Prehistoric Europeans spiced their cooking (with garlic mustard)
August 21, 2013 -- Europeans had a taste for spicy food at least 6,000 years ago, it seems.  Researchers found evidence for garlic mustard in the residues left on ancient pottery shards discovered in what is now Denmark and Germany. (See link above for the full article).

King County sounding the alarm as harmful weeds begin to grow this spring. King County Press Release. April 2, 2013.

Plant wars kick in when dams come out. Great Lakes Echo. March 8, 2013.
Vegetation management is needed to avoid letting invasive plants get a jump on native plants in midwestern dam removal projects.

Invasive species hitchhiking to west coast on Tsunami debris. Times Colonist. March 8, 2013.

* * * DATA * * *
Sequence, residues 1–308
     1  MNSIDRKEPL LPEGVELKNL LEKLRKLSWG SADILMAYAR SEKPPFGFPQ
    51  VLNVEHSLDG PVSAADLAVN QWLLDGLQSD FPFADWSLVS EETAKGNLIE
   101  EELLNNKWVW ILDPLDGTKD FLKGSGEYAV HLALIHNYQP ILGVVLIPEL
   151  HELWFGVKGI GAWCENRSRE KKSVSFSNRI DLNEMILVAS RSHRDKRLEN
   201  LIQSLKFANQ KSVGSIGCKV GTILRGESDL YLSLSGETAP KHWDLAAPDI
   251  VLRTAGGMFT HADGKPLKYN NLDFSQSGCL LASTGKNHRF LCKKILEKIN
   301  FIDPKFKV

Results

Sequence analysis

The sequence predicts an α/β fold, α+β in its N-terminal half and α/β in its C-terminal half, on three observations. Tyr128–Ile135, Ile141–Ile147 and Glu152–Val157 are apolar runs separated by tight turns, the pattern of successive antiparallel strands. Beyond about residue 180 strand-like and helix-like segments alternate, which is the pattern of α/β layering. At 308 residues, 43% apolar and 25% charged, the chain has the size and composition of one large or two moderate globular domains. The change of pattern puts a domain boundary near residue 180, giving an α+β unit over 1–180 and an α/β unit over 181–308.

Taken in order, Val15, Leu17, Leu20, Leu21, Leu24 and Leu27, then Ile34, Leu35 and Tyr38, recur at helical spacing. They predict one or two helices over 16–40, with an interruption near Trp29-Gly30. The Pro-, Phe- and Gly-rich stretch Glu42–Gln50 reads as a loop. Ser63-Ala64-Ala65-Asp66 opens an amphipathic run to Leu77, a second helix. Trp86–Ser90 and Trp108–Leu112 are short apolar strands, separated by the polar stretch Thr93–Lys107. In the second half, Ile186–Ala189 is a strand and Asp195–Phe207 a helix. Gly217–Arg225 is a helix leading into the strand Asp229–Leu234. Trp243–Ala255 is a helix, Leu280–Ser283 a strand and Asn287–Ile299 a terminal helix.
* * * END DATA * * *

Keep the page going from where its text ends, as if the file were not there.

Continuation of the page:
Concerns about tracking invasive species coming to BC, Washington and Oregon coasts from the 2011 tsunami in Japan.

Invading Species Can Extinguish Native Plants Despite Recent Reports to the Contrary. Science News, January 9, 2013.
Ecologists at the University of Toronto and the Swiss Federal Institute of Technology Zurich (ETH Zurich) have found that, given time, invading exotic plants will likely eliminate native plants growing in the wild despite recent reports to the contrary.


Aggressive ground covers may really be invasive weeds. Oregon, September 13, 2012.
Be careful what you plant: here’s a look at some groundcovers that are invasive and very hard to get rid of.

Meet Seattle’s Newest Invasive Plant. A garlic mustard infestation poses serious threats - and it will cost you. Seattle Magazine, August 2012.
Seattle Magazine writer Roddy Scheer writes about his experiences with garlic mustard and the King County Noxious Weed Program.

Concrete-busting weed can threaten projects. Journal of Commerce, August 29, 2012.
Knotweed catches the attention of the construction industry in British Columbia (and should here as well).

Help stop invasive plants species [in British Columbia] with new app. Kamloops The Daily News, August 24, 2012.